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Skeleton in a Box

There was a skeleton in the footlocker

There was a skeleton in the footlocker

A Wyoming resident finds human bones in a military footlocker.

In 1986, a long-time resident of Thermopolis, Wyoming, whom we will call Gabby, moved away.  He left some of his belongings in a shed, including an old, locked trunk.  He left the shed with a friend, Newell Sessions.  Then, six years passed.  Finally, Newell couldn’t stand the suspense another minute and opened the trunk.  What he found, shocked him:

“We had uncovered a human skeleton.  And there wasn’t too much said at that time.  I think it was my wife who asked me… to dig a hole and give it a proper burial.”

Newell’s wife told him he had to call the sheriff.  Before he did, though, Newell felt obliged to contact Gabby.  Gabby told Newell that he’d never even opened the footlocker.  He thought he’d bought it at a garage sale.  But according to Newell, when it came to the time and the place, Gabby’s memory failed him:

“He acted probably as surprised as I did when I opened the trunk, that he couldn’t believe it.  He thought I was kidding him.  And I told him, no, I’m not kidding you.  There is a human skeleton in there.”

Newell Sessions contacted John Lumley, the sheriff of Hot Spring County.  Right from the start, Sheriff Lumley was suspicious:

“I’ve talked to a lot of people about this case and everybody said, almost 99.99% or more, that they would’ve opened it immediately upon purchasing it.  They said if they went to a yard sale or garage sale, bought a trunk, that’s half the excitement, it’s like a Christmas present, can’t wait to get home to open it.”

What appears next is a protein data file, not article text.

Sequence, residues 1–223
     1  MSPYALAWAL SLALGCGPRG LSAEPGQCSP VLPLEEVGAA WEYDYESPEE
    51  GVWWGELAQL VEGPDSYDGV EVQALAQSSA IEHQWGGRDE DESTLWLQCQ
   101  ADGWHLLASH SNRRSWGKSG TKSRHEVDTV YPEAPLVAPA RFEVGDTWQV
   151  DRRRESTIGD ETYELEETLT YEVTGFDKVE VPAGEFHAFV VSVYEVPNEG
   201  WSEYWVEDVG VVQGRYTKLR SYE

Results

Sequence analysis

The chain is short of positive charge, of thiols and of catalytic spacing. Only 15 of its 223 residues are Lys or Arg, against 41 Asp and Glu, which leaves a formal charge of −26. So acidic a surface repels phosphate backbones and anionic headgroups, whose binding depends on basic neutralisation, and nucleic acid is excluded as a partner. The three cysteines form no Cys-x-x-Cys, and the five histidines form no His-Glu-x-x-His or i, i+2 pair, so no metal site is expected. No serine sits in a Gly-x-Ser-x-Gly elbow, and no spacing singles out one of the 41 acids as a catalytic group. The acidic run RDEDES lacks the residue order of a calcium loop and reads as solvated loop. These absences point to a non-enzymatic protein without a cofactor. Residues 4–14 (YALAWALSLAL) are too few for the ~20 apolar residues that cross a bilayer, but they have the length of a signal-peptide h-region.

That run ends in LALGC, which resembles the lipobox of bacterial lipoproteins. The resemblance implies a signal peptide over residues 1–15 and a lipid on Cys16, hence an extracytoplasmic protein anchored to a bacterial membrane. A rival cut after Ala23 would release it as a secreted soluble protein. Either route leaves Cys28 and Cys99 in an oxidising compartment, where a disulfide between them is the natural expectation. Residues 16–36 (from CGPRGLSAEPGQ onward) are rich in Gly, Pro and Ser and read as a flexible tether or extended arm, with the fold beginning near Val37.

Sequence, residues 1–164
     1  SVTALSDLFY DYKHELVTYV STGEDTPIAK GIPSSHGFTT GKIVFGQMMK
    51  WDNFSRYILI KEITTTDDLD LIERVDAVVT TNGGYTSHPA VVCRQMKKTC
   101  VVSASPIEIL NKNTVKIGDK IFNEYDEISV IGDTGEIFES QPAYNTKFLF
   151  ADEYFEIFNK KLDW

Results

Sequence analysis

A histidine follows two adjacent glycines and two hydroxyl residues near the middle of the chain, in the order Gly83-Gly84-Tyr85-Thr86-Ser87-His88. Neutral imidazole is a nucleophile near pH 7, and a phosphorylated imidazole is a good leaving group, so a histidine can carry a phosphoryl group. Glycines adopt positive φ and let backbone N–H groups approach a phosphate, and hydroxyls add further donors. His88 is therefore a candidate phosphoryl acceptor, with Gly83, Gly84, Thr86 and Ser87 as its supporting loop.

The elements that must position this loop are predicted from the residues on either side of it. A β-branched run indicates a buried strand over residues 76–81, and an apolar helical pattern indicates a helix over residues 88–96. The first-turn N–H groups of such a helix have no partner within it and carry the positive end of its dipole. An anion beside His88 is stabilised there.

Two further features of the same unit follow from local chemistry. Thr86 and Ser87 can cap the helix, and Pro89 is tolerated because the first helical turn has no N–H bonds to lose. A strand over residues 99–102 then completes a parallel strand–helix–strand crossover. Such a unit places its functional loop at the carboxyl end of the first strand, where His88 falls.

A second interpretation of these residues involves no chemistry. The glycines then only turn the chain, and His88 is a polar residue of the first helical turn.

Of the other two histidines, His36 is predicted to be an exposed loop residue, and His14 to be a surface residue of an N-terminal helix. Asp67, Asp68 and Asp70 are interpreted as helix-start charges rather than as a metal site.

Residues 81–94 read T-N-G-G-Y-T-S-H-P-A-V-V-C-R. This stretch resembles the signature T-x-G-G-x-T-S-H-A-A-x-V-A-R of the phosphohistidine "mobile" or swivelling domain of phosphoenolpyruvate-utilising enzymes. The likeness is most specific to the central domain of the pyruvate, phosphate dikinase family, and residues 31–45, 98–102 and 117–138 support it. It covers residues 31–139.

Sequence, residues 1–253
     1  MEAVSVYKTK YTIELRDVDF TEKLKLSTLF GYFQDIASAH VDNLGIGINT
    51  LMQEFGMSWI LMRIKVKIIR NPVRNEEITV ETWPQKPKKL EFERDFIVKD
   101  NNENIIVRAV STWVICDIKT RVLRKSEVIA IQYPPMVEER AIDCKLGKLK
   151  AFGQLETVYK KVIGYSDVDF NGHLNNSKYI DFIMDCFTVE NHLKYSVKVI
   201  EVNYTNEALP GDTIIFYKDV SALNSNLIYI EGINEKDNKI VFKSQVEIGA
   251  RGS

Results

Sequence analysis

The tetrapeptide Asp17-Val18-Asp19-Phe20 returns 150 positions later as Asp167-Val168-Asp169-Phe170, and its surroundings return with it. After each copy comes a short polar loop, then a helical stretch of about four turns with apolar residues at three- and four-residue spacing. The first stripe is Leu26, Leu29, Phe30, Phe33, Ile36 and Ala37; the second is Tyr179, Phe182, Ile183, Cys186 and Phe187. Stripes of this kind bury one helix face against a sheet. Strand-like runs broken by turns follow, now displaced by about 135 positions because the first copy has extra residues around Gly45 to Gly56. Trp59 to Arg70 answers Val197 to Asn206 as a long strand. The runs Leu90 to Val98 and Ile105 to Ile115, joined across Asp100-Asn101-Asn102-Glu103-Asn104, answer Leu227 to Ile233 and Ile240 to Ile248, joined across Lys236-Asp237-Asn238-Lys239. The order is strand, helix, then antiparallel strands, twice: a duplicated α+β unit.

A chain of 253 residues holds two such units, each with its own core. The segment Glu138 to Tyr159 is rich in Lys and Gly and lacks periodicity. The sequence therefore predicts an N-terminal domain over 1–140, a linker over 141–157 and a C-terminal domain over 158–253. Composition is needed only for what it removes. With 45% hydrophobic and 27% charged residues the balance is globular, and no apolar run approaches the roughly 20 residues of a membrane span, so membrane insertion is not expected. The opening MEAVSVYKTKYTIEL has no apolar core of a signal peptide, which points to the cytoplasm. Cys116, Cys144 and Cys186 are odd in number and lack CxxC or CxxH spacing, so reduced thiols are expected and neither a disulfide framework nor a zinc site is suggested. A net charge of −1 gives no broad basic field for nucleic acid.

Two days later, the skull was examined by an x-ray machine.  The tests revealed that a bullet was lodged in the skull.  Now Sheriff Lumley thought he might have a murder case on his hands.  He decided to have a chat with Gabby.  But Gabby was unsure about the details.  He said he might have bought the trunk in Wyoming, Iowa, Illinois, or maybe Oklahoma.  It might have been as early as 1973, but maybe not.  According to Gabby, he just wasn’t sure:

“Well, my being a suspect, what do I have to worry about.  I mean really, you know, I know I didn’t do the guy.  I didn’t shoot this dude… I’m not even as old as the gun that shot him.”

But Sheriff Lumley’s primary concern was not Gabby’s age:

“Gabby is in his mid forties.  The footlocker and the lock were made back in the ‘30s time period.  I don’t believe that Gabby was the person that caused the death of this person, but my thoughts have always been that he has knowledge of who the person in the trunk is or where they came from.”

On March 31, 1992, Sheriff Lumley turned the skeleton over to the Wyoming State Crime Lab in Cheyenne, in hopes that maybe the bones could tell him what Gabby could not.  Sandra Mays was the lab technician that examined the skeleton:

“He was in his 50s to 60s.  Probably stood about 5’8, plus or minus an inch and a half, was a Caucasian male.  The bullet was from a .25 caliber weapon that was produced in the in… 1904, and then available in the United States about 1908.”

In an effort to identify the victim, Sandra Mays created a three-dimensional facial reconstruction out of clay.  Only the eyes and hair are guesswork.  Otherwise, Sandra’s facial recreation should be a good likeness of the man who somehow got a bullet in his head, sometime after 1908.

But who was the man?  How and why did he die?  The old trunk appeared to have been used by someone in the U.S. Armed services between World War I and World War II. Perhaps the trunk, alone, holds the key to unraveling this bizarre mystery.